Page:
The Supreme Court nudged the Election Commission on Monday to act promptly on complaints of hate speeches by politicians during the campaign for the national election, bluntly telling the poll body that it could not drag matters like this.
“You have to act very promptly… Get into action immediately,” a Supreme Court bench headed by Chief Justice Ranjan Gogoi observed. The judges were hearing a petition against a string of hate speeches by political leaders and wanted the Supreme Court to step in.
The two immediate examples before the judges were controversial speeches reported to have been made by Bahujan Samaj Party chief Mayawati and Uttar Pradesh chief minister Yogi Adityanath over the last few days.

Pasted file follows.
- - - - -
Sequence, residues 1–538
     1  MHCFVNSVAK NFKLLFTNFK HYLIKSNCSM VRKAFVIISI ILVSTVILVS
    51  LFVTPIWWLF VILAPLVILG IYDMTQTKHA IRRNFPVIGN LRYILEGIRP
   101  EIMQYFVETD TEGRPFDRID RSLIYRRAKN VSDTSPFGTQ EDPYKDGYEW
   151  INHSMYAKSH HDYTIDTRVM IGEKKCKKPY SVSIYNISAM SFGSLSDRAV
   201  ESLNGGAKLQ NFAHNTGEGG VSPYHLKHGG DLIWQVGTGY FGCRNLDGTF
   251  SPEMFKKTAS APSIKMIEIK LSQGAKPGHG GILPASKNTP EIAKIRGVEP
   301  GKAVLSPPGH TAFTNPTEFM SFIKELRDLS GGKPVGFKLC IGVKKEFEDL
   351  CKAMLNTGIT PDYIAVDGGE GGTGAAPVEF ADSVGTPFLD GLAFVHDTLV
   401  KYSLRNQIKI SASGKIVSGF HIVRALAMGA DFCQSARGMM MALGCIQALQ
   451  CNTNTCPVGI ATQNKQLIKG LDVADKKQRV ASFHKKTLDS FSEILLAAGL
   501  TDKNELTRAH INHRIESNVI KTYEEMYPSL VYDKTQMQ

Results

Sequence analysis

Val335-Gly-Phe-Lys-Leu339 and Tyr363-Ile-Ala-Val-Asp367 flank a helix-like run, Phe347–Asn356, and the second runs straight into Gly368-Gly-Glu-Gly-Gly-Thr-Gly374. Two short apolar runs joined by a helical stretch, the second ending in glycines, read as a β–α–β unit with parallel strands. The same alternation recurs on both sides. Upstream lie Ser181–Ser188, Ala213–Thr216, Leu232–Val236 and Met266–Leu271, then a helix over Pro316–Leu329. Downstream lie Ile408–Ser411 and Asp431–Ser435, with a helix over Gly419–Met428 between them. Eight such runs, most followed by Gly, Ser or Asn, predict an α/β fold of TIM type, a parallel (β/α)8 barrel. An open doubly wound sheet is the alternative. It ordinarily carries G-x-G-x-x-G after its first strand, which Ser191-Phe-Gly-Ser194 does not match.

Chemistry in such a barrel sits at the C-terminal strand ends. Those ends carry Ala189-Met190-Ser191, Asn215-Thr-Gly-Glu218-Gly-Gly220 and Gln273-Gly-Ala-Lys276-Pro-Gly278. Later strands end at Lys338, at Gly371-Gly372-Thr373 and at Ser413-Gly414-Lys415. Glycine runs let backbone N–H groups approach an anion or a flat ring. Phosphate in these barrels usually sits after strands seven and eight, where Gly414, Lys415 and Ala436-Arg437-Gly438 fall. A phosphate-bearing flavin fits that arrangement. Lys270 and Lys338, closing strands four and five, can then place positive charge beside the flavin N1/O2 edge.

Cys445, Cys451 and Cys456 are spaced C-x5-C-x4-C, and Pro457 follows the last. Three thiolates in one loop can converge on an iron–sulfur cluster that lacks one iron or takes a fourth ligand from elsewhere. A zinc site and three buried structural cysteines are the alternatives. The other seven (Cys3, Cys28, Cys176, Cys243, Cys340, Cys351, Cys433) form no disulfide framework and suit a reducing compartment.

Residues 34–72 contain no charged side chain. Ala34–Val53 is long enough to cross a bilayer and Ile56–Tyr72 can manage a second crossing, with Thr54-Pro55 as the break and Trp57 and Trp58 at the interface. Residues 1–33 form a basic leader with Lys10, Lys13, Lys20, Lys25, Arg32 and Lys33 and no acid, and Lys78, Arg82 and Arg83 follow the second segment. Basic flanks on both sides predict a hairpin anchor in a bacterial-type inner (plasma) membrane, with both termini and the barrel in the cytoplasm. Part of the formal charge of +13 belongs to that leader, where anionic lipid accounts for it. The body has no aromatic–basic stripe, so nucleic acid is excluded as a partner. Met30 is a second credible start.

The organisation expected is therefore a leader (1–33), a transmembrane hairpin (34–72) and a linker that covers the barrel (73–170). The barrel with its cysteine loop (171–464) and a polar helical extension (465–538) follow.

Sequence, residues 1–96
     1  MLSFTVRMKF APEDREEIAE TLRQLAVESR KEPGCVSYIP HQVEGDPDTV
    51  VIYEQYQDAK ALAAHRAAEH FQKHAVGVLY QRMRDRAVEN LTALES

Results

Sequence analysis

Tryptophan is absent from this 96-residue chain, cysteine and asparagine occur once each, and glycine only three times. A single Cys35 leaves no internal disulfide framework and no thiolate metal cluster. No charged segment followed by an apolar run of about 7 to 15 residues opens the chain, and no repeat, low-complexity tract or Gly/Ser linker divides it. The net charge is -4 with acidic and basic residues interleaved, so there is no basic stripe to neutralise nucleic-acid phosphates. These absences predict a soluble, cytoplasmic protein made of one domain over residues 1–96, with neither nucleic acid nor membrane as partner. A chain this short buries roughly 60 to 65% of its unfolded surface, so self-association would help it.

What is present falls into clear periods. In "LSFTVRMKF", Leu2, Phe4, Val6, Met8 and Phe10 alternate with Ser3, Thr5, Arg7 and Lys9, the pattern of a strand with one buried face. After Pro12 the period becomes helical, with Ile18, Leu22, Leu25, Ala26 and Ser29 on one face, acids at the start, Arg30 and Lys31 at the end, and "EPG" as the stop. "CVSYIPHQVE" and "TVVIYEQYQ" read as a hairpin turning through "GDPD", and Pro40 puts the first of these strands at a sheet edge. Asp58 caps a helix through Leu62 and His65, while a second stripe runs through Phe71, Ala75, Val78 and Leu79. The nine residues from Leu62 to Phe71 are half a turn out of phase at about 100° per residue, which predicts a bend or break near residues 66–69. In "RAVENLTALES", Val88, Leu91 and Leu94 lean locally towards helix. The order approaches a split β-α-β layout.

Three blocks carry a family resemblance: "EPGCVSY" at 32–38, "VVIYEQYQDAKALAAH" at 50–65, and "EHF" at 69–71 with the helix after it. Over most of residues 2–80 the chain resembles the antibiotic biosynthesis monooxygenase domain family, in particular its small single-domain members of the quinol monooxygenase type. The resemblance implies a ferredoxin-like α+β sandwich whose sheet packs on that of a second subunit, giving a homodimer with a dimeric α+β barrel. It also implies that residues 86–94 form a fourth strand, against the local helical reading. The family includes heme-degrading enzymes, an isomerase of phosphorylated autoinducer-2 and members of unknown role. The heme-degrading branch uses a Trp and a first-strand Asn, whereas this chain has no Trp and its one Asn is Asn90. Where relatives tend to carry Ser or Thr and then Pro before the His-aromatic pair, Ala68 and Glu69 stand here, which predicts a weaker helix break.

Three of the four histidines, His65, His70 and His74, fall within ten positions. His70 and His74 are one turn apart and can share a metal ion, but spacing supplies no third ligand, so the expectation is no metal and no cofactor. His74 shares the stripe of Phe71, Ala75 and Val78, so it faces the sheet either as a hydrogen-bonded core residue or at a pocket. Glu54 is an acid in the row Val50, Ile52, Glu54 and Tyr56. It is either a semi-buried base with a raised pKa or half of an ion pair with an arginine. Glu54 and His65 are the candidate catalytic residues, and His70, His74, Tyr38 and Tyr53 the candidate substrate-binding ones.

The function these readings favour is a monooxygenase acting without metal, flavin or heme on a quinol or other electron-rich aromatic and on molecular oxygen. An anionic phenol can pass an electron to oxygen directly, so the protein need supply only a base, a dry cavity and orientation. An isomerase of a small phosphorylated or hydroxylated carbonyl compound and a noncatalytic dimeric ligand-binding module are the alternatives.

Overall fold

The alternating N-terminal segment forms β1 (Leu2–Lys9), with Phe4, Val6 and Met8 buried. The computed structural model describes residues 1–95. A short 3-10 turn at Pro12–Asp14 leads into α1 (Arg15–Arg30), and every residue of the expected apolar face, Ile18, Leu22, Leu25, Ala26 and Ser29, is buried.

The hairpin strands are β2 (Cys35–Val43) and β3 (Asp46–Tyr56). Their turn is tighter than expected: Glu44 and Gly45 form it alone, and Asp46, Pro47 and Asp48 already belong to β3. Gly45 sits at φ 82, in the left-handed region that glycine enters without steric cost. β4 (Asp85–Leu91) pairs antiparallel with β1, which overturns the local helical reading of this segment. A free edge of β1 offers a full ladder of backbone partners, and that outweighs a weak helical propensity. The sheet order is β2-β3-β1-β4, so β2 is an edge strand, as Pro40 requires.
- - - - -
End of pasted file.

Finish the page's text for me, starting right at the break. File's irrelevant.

In a speech at a rally in Saharanpur’s Deoband on April 7, Mayawati had appealed to Muslims to vote for the alliance and not divide their vote by supporting another political party.
Two days later, according to the Election Commission, Yogi Adityanath told a rally in Meerut about Mayawati’s speech and said: “If the Congress, SP and BSP have faith in ‘Ali’, we have faith in ‘Bajrang Bali’, the followers of Bajrang Bali will not tolerate them.”
The two prominent politicians were sent notices by the Election Commission for their speeches that were widely seen as an attempt to communalise the elections.
The law and the model code of conduct bars political leaders from canvassing on the basis of religion. There is also a Supreme Court order that prohibits candidates from making appeals for votes on communal lines.
But by this weekend, there were already over 75 complaints listed on the Election Commission’s website against leaders making speeches with content that is prohibited.
Apr 15, 2019 14:21 IST